Does Evanston Value Bars Over Books?

Are libraries considered less powerful economic engines than bars in Evanston? Patch columnist Christine Wolf argues that recent city council decisions suggest bars are valued over books.

It may seem like old news that the city of Evanston shuttered the South Branch of the Evanston Public Library in 2011, but the saga continues. While the citizen-run Mighty Twig became the Chicago Avenue/Main Street (CAMS) Branch as of January 12, 2013, many residents are frustrated to see the city offer new businesses – such as bars – cash incentives while volunteers continue to scrape together funds to keep our branches open.

As the economy dipped, cities across America closed library branches. Money was tight and tough decisions were made.

I, for one, wasn’t someone who fought against the closing of the South Branch. In my mind, we had an outstanding Main Library, not to mention a North Branch. While I was disappointed to say goodbye to an anchor of the South Evanston community, I resisted fighting for it since we had two other libraries. In my mind, a branch library served as a convenience we could live without.

However, my mind has changed.

As I watched the mighty forces rally behind the Mighty Twig, I was stunned by the dedication of our community coming together for a common purpose.

I've witnessed the Mighty Twig reinvigorate the intersection of Chicago Avenue and Main Street. Thanks to the efforts of hundreds of individuals, lights and life have revitalized a corner of our town. I love seeing the strollers parked outside the space…spying people gathered inside…watching residents young and old balance books while holding the door for each other.

Last week I received a call from a concerned Evanston resident. On Monday, Evanston aldermen were set to consider , a new microbrewery proposed on Howard Street. How, this person wondered, could the city feed tax dollars to open yet another bar when our libraries still struggle to keep their doors open? The North Branch is now closed Thursdays, Fridays and Sundays. What sort of economic impact does this have on the Central Street shops?

Some are furious -- even after the fact -- watching the city put money behind a new business (especially a new bar) when unemployed or underemployed residents struggled to find employment and could not access a public library to help find work. Others feel the city's obligation is encouraging profitable entities to help offset costs of public assets like libraries.

However, all this discussion may be moot: the Evanston Public Libraries are no longer part of the city of Evanston's operating budget. As part of the fiscal year 2012 budgeting process, the city agreed to move the library's operating expenditures into a separate fund (explained on p. 128 of the 2012 budget). As library director Karen Danczak Lyons explained to Patch last year, the library has "always been funded through the property tax, but it’s been part of the general levy, whereas now you’ll be able to see a separate line for the Evanston Public Library on your tax bill."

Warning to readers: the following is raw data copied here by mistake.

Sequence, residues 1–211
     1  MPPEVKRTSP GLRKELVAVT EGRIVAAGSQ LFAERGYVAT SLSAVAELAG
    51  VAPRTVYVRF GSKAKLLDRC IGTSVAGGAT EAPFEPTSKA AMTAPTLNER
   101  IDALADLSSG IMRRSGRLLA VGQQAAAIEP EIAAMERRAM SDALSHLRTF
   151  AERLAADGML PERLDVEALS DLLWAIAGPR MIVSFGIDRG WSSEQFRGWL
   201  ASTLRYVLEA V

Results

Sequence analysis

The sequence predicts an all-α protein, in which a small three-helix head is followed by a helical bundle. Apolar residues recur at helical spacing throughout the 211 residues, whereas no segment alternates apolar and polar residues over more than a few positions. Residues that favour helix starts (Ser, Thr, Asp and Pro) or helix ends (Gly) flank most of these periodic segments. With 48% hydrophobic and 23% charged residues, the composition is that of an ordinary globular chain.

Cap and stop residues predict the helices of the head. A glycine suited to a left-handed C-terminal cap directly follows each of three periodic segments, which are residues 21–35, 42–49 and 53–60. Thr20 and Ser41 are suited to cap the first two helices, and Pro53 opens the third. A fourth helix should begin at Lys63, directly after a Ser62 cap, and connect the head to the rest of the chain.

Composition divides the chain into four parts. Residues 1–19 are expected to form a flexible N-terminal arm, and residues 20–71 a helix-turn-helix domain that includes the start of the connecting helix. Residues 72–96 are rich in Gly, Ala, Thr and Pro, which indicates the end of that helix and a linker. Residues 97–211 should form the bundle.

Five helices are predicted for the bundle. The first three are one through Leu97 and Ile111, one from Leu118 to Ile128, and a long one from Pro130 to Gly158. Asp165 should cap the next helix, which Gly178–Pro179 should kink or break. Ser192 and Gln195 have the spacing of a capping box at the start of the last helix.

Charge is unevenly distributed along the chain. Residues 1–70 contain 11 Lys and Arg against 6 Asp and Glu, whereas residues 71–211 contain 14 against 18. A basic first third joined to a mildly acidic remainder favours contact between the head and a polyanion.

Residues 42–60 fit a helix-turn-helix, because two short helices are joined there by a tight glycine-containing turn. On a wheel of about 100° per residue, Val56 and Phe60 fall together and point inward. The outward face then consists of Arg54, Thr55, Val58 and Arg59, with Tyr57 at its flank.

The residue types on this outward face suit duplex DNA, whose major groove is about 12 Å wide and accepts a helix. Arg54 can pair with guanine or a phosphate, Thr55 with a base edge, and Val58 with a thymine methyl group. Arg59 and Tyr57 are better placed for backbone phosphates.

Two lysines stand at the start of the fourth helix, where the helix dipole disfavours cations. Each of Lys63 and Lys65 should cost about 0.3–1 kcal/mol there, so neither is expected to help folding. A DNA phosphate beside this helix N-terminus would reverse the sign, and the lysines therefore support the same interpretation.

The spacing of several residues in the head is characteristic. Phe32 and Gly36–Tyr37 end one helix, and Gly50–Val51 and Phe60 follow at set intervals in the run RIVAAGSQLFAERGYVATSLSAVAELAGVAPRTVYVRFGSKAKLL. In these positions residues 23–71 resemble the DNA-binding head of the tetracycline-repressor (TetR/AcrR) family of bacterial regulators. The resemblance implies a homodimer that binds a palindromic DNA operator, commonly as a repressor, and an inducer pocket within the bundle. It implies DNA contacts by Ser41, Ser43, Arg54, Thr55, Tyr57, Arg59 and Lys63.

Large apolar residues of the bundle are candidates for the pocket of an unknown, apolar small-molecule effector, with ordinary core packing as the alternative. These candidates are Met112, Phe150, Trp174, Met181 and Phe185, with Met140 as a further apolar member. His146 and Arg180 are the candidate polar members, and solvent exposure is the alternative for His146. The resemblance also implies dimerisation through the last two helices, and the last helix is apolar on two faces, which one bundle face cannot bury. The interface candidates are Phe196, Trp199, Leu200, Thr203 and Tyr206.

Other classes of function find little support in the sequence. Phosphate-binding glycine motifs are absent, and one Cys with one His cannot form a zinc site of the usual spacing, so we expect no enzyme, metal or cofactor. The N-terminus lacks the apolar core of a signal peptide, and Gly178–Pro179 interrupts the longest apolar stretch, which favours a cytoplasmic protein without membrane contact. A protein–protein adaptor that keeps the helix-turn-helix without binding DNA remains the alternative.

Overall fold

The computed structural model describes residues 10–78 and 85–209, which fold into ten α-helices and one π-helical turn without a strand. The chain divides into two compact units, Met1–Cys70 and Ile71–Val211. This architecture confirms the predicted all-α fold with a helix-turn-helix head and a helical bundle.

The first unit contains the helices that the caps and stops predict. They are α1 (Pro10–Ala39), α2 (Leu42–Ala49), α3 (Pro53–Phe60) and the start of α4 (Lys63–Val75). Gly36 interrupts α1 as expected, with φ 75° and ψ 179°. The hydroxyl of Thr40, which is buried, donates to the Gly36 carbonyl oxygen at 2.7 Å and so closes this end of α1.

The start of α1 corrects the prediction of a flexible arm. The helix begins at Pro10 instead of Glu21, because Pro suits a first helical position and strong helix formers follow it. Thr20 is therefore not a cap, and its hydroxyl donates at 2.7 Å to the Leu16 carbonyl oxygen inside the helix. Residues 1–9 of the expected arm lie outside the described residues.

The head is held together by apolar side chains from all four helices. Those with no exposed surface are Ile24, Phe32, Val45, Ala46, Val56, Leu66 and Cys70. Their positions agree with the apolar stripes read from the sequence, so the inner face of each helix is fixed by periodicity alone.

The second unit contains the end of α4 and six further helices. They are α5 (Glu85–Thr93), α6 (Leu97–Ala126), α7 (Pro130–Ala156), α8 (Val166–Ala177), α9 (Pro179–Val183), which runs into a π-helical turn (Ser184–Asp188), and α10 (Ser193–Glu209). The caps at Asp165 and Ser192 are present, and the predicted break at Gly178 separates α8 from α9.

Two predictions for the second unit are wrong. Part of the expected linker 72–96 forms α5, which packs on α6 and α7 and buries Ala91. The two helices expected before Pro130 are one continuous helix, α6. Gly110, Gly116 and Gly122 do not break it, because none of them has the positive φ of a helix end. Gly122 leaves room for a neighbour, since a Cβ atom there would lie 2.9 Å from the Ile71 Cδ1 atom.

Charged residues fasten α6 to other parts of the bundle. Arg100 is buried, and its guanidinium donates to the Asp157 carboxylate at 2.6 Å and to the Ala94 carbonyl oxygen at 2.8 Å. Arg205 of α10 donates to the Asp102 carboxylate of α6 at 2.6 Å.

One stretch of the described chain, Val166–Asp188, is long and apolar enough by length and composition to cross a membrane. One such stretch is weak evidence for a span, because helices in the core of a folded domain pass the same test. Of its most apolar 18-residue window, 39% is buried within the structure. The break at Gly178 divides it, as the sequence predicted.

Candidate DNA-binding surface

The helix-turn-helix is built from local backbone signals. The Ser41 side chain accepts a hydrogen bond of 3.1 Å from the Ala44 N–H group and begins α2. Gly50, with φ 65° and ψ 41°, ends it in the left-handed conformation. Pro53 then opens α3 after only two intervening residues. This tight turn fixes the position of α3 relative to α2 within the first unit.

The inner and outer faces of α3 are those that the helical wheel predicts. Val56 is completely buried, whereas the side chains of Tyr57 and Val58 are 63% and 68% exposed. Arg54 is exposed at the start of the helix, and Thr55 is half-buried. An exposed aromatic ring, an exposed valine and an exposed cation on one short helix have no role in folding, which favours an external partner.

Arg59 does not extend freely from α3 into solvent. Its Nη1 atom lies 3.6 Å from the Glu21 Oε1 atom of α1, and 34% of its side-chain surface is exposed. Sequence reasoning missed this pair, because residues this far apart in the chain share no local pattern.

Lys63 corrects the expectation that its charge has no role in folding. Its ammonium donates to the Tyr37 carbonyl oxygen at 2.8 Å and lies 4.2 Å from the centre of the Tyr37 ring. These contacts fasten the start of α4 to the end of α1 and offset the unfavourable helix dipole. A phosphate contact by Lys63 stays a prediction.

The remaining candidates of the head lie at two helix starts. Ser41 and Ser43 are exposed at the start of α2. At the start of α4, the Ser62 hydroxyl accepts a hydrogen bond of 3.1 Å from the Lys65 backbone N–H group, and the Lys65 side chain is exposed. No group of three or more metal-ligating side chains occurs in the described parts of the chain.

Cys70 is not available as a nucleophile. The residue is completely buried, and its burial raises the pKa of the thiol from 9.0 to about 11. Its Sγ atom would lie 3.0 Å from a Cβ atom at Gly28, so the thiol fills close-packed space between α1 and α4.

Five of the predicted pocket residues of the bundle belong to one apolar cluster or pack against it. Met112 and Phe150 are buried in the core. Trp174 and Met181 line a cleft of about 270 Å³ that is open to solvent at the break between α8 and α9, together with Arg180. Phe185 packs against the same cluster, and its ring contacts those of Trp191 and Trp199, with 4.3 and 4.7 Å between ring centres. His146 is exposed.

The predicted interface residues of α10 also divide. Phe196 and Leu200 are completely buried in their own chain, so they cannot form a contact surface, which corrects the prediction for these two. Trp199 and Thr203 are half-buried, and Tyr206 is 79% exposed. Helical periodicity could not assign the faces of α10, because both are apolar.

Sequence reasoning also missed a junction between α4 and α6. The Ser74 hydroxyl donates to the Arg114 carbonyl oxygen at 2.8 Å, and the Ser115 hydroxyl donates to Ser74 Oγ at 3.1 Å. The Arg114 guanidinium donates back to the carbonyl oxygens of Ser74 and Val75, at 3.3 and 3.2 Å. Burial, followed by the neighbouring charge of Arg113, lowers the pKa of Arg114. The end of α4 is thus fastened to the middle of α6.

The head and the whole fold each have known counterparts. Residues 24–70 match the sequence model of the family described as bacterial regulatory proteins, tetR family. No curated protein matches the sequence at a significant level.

To me, the questions still remain. What do our libraries mean to the city of Evanston. Are they economic engines or necessary-yet-expensive drags on our budget? Are we "house poor" with our Main Library, just now getting around to paying the piper? Who gains the most -- or stands to lose the most -- when our libraries' doors are closed?

lucas February 25, 2013 at 07:16 PM
Don't forget the Sweetheart Deal the Ward Eight BAR received.
Procrustes' Foil February 26, 2013 at 11:39 AM
Christine, your opinion paper is very thoughtful and important. I did fight to keep the South Branch open, via calls to my alderwoman, donations, etc. Libraries are a community's anchor. Obviously, they need funding from public and private sources. But how much more do we have to loose so that we can have a microbrewery and a few more restaurants? Will revenue from these business enterprises be enough to help support our library? I sure hope so, or we need to cast our votes for a city council who will maintain our library.
Jen February 26, 2013 at 01:14 PM
Well, you'd be hard pressed to find a bigger supporter of libraries than me, and I agree Evanston pitifully underfunds the library. It's downright embarrassing when you compare our library to others in nearby communities. Still, I am also happy that the city is helping new restaurants and bars to open. Even a few years ago there really wasn't much in the way of night spots in town. Again, this is something nearby towns have been actively working on, and if Evanston doesn't it will be left behind. All these new businesses are making me happier to stay and spend my money in Evanston. But I don't think these two things are mutually exclusive. You can fund two goals at once! Of course priorities have to be made, but theoretically by funding the right businesses you will generate more revenue that can be funneled into public services such as libraries. Unfortunately, the library isn't even in the top 20 priorities in Evanston.
Patrice February 26, 2013 at 02:33 PM
I think there is a huge problem with the COE investing money in start up businesses. Isn't that job of banks and/or private investors? They are equipped to evaluate a business plan and determine the risk and probable success. What recourse do the taxpayers have if these businesses fail? The libraries have proven to be economic drivers of traffic to each business district they are in, yet our council has absolutely no value for them. Thank God we have citizens who do understand this.
Steve Newberger February 28, 2013 at 03:40 AM